The first Monday of November saw the air quality in Delhi dipping to its worst low of the season. Just two days before Diwali and barely a week after the Supreme Court put cursory restrictions on the sale and use of crackers in the national capital, the pollution levels inched towards ‘severe plus emergency’ category due to change in wind direction and rampant stubble burning in neighbouring states. After breathing the cleanest air in three weeks on the preceding Sunday, people woke up to a gloomy Monday, with a thick haze covering the sky. According to the data from the Central Pollution Control board (CPCB), the PM2.5 (particles in the air with a diameter less than 2.5 micrometers) and PM10 concentrations touched 365 and 503 respectively. Most of the NCR region recorded ‘severe’ pollution, with Gurgaon recording ‘very poor’ air quality. This is just another warning sign of the rapidly deteriorating Indian climate in a year that was inundated with dust storms, floods and vast variations in daily temperatures.
The official sources attribute the sudden shift in air quality to the change in direction of the wind which has started blowing from the north-west towards Delhi, thus bring with it dust and smoke from stubble burning in the neighbouring states. Despite several government measures, subsidies and court orders to curb the burning of stubble residue at the end of harvest season, there has been limited progress in controlling the harmful practice. Each year, the air quality deteriorates after paddy is harvested, specially in states like Punjab and Haryana. Most air monitoring stations are in urban areas, while stubble is burned in rural areas. So far the states have not been able to put a reliable mechanism in place to quantify the actual extent of the problem. Despite the increase in forest fires, dust storms and smog after harvesting, the ‘official’ Air Quality Index (AQI) has remained within ‘moderate’ category in most of these regions.
Climate change is real:
Pretending that climate change isn’t real, or doing nothing about it has landed trapped us in a vicious cycle which is getting increasingly tough to get out of. For decades, scientists have warned that climate change would make extreme events like droughts, floods, hurricanes, and wildfires more frequent, more devastating, or both. In 2018, we got an up-close look at the raw ferocity of such an altered world as high-category hurricanes, typhoons and cyclone battered the the coasts of U.S. and South East Asia while wind-whipped fires scorched California; the earthquake and tsunami in Indonesia and the mudslides in Japan were equally horrifying. Closer home, the dust storms in Rajasthan and the floods in Kerala were the worst reminders of our continuous and atrocious indifference towards the environment that surrounds and sustains us.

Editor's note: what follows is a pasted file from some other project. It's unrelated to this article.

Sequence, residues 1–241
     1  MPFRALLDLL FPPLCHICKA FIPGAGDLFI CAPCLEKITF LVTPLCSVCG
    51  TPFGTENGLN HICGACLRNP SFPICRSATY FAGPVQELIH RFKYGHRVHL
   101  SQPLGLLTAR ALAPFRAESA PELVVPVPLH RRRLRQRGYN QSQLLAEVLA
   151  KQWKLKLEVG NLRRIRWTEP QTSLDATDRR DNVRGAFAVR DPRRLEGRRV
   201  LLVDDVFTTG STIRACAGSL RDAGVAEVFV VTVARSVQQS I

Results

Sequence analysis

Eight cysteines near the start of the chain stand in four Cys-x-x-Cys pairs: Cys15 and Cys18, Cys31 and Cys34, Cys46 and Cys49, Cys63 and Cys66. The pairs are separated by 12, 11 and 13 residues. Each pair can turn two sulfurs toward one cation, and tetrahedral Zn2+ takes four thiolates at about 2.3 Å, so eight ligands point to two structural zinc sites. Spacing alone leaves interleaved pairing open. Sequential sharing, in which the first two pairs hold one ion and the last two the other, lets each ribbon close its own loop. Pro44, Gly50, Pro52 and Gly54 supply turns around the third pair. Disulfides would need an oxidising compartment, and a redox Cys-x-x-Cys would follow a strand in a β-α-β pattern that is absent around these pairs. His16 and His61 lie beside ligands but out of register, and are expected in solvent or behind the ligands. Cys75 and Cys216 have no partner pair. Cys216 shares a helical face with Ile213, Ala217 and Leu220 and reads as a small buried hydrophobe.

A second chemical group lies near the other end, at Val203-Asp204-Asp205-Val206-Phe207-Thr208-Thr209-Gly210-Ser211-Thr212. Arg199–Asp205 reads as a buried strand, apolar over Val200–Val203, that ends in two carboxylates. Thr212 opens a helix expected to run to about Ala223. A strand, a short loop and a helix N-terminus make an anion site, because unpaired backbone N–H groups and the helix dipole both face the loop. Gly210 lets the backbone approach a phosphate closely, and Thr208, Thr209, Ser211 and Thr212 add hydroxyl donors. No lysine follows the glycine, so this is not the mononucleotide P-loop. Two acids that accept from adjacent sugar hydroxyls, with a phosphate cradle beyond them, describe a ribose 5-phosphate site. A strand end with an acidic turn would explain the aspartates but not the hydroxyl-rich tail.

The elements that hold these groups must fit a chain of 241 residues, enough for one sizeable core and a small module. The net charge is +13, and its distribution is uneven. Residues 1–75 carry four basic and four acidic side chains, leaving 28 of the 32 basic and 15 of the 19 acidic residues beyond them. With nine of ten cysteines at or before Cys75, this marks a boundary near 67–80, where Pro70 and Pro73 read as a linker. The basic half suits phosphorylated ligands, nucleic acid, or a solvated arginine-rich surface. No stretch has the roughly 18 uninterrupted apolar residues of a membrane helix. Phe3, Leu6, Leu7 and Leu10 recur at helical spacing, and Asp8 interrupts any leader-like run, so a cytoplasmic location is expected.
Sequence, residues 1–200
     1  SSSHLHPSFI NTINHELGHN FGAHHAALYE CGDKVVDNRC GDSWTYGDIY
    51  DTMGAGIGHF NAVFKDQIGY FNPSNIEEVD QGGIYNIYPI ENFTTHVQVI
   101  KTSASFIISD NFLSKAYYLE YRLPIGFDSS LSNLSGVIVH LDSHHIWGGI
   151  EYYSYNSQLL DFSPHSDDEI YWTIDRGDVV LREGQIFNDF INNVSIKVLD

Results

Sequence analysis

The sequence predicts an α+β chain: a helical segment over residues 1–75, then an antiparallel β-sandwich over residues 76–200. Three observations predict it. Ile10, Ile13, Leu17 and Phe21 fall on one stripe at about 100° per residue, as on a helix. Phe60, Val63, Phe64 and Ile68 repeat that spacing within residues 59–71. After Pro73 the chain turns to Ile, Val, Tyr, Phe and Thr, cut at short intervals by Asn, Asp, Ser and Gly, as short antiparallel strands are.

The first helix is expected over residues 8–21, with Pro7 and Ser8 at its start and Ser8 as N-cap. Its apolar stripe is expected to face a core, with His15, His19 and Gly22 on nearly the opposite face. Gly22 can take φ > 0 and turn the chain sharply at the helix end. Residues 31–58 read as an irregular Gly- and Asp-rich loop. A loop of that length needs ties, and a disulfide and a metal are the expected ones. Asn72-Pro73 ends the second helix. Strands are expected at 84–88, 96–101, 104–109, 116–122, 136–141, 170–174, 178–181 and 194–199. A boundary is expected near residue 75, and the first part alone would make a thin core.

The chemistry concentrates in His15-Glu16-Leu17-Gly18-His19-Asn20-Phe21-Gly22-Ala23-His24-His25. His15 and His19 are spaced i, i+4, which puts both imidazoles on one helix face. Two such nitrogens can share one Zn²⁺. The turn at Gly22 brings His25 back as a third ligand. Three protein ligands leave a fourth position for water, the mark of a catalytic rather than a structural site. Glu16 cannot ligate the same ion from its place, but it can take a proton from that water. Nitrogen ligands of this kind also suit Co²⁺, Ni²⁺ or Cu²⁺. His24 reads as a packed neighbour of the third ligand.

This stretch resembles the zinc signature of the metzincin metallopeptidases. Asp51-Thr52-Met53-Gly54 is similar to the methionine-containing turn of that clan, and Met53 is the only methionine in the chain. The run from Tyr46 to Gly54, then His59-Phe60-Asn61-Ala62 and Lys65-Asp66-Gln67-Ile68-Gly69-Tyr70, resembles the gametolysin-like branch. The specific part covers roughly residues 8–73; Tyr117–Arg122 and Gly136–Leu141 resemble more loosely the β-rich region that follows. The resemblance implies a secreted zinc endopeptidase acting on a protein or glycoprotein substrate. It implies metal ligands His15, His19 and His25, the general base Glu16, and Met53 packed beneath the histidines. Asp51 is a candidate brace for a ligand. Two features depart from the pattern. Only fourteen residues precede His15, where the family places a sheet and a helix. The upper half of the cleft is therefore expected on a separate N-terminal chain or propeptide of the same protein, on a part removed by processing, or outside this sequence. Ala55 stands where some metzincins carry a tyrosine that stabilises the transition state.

Over the last thirty years there has been consistent warming over Indian landmass. It has been documented that the land-ocean thermal contrast and the monsoon circulation have weakened during the recent few decades, while the frequency of cyclonic disturbances, tropical cyclones and severe tropical cyclones has reduced over the Indian Ocean as well as Bay of Bengal during the monsoon and post monsoon seasons. The overall monsoon does not show any significant change mainly because the decreasing trend in moderate rain events has been compensated by an increasing trend in heavy rain events. India receives almost 75% of the annual rainfall in the summer monsoon which plays a vital role in agriculture, water resource management and power management. The survival of the large population as well as the economy of India depends highly on the quantity and distribution of rainfall received during the summer monsoon season. A large year-to-year variability is characterised by years of excess and deficit monsoons. Deficit monsoons have large adverse impact on crop production, while it is observed that excess monsoons do not compensate for the loss in crop yield during droughts.
The recent report from the United Nation’s Intergovernmental Panel on Climate Change says the world has just 12 years to get matters under control or the effects will be irreversible. If it doesn’t, entire cities may have to be walled in to protect them from sea-level rise; other cities may simply have to relocate to areas where there is less flooding or drought.We’re also seeing with greater clarity how these dangers are interlinked, building upon one another toward perilous climate tipping points. And yet for all the growing risks, and the decades we’ve had to confront them, we have yet to address the problem in a meaningful way. In fact, despite all our climate policies, global accords, solar advances, wind farms, hybrid cars, and Teslas, greenhouse-gas emissions are still moving in the wrong direction. And as long as we’re emitting any at all, we’re only making the problem worse.
In the past 25 years , there is a raise of 0.2 degree C (24 degree C to 24.2 degree C) in the surface temperatures of the Indian landmass. The minimum average temperature rose from 24.2 degree C to 24.5 degree C, a 0.3 degree C rise in just 15 years. Moreover, number of heavy rainfall events are increasing almost over the entire landmass. By 2030s, data from the Ministry of Environment and Forestry (MOEF) projects 1.5-2oC warming in the annual mean temperature over the Indian landmass while winter and spring seasons show higher warming. The annual mean surface air temperature may rise from 1.7°C to 2°C . The cyclonic disturbances over Indian Oceans during summer monsoon are likely to be more intense and the systems may form slightly to the south of normal locations. The ensemble mean changes in the monsoon rainfall are in the range of 2 to 12% while the annual temperature changes are of the order of 1.4 to 1.9o C.
The GHG Platform India, a collective civil-society initiative, documents GHG emissions at a more granular level and offers recent data aggregated from reliable sources. From 2005 to 2013, India emitted 20.54 billion tons of carbon dioxide equivalent (CO2e), with emissions growing annually by 5.57 percent. Emissions per capita grew, too, by 4.07 percent annually. In the year 2013, India emitted 2.8 gigatons CO2e – less than the U.S. or China. Per capita emissions also track well behind these nations. 68 of India’s emissions between 2005-2013 came in from the energy sector, more than three times the second-largest (the industry sector). Energy-related emissions continue to dominate, with its percentage share within overall national emissions remaining more or less constant (62 percent in 2005 to 63 percent in 2013) over the years. Within the energy-sector, about 77% comes from electricity generation, mainly due to the current fuel-mix within domestic installed capacities.